New Delhi: There are some 6,500 Pakistani nationals among foreign terrorists operating in Afghanistan and the Jaish-e-Mohammed (JeM) and Lashkar-e-Taiba (LeT) play a key role in bringing foreign fighters into the war-torn country, according to a UN report.
The report, from the UN Security Council’s analytical support and sanctions monitoring team and issued late last month, indicated Pakistani terrorists formed a significant part of foreign fighters that pose a serious threat to Afghanistan’s security because of their activities and permanent presence in the country.
Lashkar and Jaish, the report said, have approximately 800 and 200 armed fighters, respectively, co-located with Taliban forces in Mohmand Darah, Dur Baba and Sherzad Districts of Nangarhar Province. Tehrik-e-Taliban Pakistan (TTP) also maintains a presence in Lal Pura District, near the border area of Mohmand Darah, Pakistan, the UNSC team said.
In Kunar Province, the report said, Lashkar retains a further 220 fighters and Jaish has a further 30, all of whom are dispersed within Taliban forces. The UNSC monitoring team said that TTP, Jaish and Lashkar, are present in the eastern provinces of Kunar, Nangarhar and Nuristan, where they operate under the umbrella of the Afghan Taliban.
Even as a number of significant al-Qaeda figures were killed, “the senior leadership of al-Qaeda remains present in Afghanistan, as well as hundreds of armed operatives, al-Qaeda in the Indian Subcontinent, and groups of foreign terrorist fighters aligned with the Taliban,” the report said.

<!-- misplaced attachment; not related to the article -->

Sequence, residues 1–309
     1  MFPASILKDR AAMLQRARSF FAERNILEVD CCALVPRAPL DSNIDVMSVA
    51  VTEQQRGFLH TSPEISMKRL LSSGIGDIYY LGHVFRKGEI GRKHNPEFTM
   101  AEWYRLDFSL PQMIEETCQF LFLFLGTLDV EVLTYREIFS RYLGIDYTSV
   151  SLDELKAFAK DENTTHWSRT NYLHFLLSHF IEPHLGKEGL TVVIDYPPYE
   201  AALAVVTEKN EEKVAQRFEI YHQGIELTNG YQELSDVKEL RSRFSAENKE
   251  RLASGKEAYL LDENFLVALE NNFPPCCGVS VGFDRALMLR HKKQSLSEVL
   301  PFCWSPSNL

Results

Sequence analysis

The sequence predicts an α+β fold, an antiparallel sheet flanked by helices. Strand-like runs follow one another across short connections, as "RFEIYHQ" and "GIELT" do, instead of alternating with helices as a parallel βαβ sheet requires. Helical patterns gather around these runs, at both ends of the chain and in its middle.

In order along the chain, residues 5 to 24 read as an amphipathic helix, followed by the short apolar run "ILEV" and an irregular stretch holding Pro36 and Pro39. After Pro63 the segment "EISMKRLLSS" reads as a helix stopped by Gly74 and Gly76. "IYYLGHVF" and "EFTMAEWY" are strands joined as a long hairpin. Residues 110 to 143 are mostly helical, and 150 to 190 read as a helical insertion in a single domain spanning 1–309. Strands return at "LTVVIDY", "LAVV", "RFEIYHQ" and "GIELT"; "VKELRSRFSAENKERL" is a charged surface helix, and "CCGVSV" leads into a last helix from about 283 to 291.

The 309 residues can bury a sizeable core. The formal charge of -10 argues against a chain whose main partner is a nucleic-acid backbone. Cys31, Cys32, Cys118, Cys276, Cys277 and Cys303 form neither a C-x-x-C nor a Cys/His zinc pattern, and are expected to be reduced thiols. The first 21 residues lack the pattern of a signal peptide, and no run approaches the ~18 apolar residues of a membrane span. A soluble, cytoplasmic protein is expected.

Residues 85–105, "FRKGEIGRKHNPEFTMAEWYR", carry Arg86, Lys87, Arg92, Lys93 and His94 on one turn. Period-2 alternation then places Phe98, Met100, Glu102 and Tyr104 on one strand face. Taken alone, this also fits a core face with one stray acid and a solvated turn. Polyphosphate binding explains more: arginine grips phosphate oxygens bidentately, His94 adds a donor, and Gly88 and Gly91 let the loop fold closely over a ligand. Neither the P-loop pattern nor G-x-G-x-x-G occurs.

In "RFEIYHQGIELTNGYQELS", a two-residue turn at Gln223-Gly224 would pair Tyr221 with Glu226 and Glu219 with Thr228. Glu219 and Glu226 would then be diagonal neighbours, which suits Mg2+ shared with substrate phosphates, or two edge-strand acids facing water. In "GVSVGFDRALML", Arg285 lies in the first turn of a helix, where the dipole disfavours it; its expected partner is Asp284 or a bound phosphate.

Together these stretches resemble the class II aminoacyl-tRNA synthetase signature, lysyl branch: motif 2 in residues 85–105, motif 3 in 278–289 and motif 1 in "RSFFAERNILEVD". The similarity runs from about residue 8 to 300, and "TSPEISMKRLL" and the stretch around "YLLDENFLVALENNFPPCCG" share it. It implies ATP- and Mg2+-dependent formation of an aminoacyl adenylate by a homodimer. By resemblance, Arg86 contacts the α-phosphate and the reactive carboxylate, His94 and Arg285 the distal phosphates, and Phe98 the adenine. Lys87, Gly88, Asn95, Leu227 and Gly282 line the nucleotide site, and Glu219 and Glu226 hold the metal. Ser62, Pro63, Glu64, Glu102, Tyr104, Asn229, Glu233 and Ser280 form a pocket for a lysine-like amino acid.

Relations between the Taliban, especially the Haqqani Network, and al-Qaeda remain close, based on friendship, a history of shared struggle, ideological sympathy and intermarriage, the UNSC monitoring team said.
The Taliban, the UNSC monitoring team said, also appears well prepared for the 2020 fighting season and raising the tempo of its attacks on Afghan government targets while trying to avoid provoking the United States.
India’s External affairs ministry spokesperson Anurag Srivastava said, “This vindicates India’s long-standing position that Pakistan remains the epicentre of international terrorism. That proscribed terrorist entities and individuals continue to enjoy safe havens and recruit, train, arm, finance and operate with impunity from Pakistan with state support. They inflict violence and spread terrorism in the region and other parts of the world.”
The report also highlighted the presence of Pakistani terrorists in the Islamic State’s Khorasan chapter, such as commander Abdullah Orakzai alias Aslam Farooqi, who was captured with 21 others in Kandahar in March. Twelve Pakistani nationals were captured along with Farooqi.